Any household or office has more than one type of locks. Therefore, it is common to encounter a lock with a simple problem that you can resolve. For instance, if you have a loose bolt, a stuck key or a lock that won’t open, there is no need to reach out to an expert. With guidance, you can quickly resolve these problems and go about the rest of your door. One significant benefit of solving the lock problem yourself is the cash you save. Also, you stand to get some hands-on experience for future applications. So, let us discuss some of these problems you can solve and how you can solve them.
Dealing with a loose lock cylinder
A loose lock cylinder could cause problems when you are trying to lock your door. It could be due to uneven screws, or a problem with the door. If you bang your door, then you will most likely experience this problem. So, how do you go about a loose lock cylinder? First, you need to loosen the screws, align the lock on its level position, then tighten alternatively. What we mean by this is, do not fix one screw into the door, but rather tighten the upper then lower one alternatively. If the screws are loose, hold the knob in an even position and tighten them. You turn the screws in a clockwise direction until you feel them rest on the spindle. If the methods fail, remove the lock and check the condition of the axle. Once you fix that issue, you can then go back and screw the bolt in place.
How to handle a stuck deadbolt
Sometimes, due to constant banging of the door on the wall, the strike plate could come loose, and the alignment to the lock becomes vague. Also, it could deform when hit with a lot of pressure. These could lead to your deadbolt lock sticking in the strike plate, or fail to lock. To resolve this, you can try to screw in the plate tightly on the wall. If the holes are too big, you can fill them with glue and drill new ones. Then, you can try to file the edges of the plate to make them wider to fit the lock. On the same note, try sanding your lock to round the sides for better fitting into the strike plate.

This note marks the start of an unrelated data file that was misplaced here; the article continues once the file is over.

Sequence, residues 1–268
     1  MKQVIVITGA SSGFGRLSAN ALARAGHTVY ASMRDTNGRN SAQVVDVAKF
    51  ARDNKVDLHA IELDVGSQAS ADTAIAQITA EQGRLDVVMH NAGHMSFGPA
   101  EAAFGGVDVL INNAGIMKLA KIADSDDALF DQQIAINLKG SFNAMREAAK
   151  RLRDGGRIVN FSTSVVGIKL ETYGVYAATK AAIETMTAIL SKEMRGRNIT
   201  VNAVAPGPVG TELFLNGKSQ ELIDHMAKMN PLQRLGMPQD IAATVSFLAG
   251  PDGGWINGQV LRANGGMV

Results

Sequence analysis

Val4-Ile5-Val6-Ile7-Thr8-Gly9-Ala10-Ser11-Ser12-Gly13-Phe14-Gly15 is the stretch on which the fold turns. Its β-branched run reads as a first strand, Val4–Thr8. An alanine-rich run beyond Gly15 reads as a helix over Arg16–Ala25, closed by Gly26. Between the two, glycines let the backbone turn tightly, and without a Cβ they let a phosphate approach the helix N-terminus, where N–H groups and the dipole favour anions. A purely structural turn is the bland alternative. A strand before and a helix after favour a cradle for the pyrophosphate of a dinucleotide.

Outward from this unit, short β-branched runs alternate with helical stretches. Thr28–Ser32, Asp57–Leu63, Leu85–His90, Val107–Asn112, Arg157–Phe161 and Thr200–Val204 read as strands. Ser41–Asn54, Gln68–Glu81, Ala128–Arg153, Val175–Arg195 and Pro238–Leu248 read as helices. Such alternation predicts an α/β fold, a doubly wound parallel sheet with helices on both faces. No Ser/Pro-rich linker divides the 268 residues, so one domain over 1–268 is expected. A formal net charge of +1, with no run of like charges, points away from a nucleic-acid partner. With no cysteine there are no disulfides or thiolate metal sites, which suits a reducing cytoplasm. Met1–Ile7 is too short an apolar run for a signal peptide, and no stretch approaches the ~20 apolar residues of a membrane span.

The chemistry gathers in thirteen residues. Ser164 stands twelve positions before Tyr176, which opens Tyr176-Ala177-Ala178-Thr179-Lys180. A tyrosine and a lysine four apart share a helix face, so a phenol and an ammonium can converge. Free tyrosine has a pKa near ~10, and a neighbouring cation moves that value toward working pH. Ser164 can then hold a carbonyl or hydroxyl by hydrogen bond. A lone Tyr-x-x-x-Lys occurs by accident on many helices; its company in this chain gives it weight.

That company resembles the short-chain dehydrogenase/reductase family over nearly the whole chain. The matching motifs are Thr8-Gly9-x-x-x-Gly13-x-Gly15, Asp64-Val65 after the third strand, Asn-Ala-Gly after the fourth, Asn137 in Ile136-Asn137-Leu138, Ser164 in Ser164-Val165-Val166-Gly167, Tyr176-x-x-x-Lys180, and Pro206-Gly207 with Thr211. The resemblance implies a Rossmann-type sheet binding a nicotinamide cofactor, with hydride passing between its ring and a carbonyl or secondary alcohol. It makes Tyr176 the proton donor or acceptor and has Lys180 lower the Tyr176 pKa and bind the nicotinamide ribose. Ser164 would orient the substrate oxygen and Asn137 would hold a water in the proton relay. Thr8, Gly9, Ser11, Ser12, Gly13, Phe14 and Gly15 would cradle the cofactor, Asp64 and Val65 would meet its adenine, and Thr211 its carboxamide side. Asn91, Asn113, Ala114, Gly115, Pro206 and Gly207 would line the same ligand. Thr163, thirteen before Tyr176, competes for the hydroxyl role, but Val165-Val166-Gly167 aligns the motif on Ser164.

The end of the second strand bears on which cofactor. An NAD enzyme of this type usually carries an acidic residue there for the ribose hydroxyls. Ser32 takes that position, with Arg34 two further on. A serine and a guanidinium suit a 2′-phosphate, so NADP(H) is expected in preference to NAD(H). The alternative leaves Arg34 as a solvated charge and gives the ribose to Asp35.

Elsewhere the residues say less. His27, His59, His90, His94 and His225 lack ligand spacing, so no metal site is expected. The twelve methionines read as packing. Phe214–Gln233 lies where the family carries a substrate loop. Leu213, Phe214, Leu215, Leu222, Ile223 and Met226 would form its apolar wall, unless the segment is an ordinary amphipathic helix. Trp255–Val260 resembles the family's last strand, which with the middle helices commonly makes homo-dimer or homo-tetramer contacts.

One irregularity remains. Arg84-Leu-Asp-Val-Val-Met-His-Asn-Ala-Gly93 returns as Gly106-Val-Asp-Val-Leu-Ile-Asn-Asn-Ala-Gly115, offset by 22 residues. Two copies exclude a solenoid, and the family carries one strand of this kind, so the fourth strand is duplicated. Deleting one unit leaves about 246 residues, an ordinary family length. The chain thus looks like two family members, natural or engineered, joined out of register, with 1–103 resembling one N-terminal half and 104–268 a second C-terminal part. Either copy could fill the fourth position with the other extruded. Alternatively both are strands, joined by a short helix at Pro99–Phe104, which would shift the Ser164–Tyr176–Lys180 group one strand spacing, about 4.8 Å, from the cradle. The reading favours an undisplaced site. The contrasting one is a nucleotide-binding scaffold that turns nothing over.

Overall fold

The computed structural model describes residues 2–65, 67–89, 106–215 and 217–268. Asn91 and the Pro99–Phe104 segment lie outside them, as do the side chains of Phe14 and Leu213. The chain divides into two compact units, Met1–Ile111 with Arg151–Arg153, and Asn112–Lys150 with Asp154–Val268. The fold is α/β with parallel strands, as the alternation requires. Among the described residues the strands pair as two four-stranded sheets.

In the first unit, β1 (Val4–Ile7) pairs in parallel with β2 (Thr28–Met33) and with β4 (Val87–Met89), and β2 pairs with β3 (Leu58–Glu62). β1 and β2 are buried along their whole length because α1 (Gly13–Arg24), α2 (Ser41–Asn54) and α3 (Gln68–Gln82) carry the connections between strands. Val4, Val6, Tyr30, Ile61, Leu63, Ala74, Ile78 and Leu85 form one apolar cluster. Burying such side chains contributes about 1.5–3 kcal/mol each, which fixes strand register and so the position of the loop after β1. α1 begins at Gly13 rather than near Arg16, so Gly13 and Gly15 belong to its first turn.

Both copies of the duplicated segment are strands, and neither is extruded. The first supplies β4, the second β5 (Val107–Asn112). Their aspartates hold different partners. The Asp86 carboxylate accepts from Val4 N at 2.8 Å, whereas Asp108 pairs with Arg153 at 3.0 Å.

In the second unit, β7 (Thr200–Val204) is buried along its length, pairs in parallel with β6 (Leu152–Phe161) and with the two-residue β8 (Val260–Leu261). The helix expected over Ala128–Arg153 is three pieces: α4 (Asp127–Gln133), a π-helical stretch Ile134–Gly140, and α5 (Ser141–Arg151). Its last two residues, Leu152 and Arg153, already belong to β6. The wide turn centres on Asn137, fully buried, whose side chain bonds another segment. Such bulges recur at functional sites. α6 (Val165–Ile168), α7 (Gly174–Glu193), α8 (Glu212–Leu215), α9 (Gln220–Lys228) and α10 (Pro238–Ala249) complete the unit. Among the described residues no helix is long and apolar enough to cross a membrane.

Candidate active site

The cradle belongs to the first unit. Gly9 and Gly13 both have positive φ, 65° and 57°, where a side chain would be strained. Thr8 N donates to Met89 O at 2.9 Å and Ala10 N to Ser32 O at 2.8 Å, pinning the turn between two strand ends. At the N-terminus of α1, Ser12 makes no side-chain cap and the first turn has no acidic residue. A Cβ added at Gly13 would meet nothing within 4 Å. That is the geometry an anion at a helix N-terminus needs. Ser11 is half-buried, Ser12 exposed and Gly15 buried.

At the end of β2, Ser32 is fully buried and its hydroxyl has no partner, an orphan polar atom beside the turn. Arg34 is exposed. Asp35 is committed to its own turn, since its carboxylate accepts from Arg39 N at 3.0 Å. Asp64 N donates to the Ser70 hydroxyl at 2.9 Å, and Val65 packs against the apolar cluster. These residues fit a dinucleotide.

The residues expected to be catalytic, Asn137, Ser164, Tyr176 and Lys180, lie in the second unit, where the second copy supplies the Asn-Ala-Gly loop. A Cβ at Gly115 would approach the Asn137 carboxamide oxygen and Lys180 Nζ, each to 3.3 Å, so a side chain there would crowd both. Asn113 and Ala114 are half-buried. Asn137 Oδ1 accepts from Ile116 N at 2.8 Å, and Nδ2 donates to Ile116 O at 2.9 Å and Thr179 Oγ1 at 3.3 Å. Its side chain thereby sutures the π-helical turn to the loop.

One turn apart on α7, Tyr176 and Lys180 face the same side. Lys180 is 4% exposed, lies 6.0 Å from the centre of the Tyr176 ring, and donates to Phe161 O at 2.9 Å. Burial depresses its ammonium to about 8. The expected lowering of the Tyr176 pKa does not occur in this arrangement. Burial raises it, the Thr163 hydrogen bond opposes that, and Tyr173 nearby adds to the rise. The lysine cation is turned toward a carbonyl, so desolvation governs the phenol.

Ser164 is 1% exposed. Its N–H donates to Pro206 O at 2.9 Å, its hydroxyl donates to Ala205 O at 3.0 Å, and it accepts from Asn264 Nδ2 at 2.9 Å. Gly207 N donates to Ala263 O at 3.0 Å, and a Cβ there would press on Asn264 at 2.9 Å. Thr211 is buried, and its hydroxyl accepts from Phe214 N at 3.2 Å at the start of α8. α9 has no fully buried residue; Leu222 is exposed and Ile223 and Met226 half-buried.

Unfreezing your locks effectively
Winters come with the festivities and also problems of freezing locks. As a result, your lock fails to turn, and you find yourself locked out of your home. With the snow covering the keyhole, you have a hard time fitting your key. Also, with time, due to friction, parts of your locks wear out and break. Before you call in an expert, you can try out some proven remedies. First, you can spray a lock deicer on the lock. These are alcohol-based lubricants that clear the pathway by dissolving dirt and ice on the clasp. If there is dirt lodged in the lock, try some graphite spray lubricant and then try removing the dirt. If all these fail, then you might have to replace some of the components rather than replacing the whole lock.
Is your door lock latch faulty?
The primary reason why your latch may fail to fit into position when locking your door is misalignment. This is the case when the lock is not at the same level as the strike plate on the door. The latch could fail to fit due to a sagging door, a loose lock or a strike plate. If you notice that one side of your door is lower than the other, then you can start by checking the hinges. Tighten them and try locking your door. If that does not work, then check the lock, if it is loose, tighten it and try closing the door. Next, you can check if the strike plate is level. If it is not, use your level to fit it correctly on the wall. Fix it tightly on the wall, but not too hard to the point of breaking your frame. Another reason why you may be experiencing problems when locking your door is dirt on the lock or strike plate. Using a thin metal or screwdriver, clear the path of the debris and try turning the lock.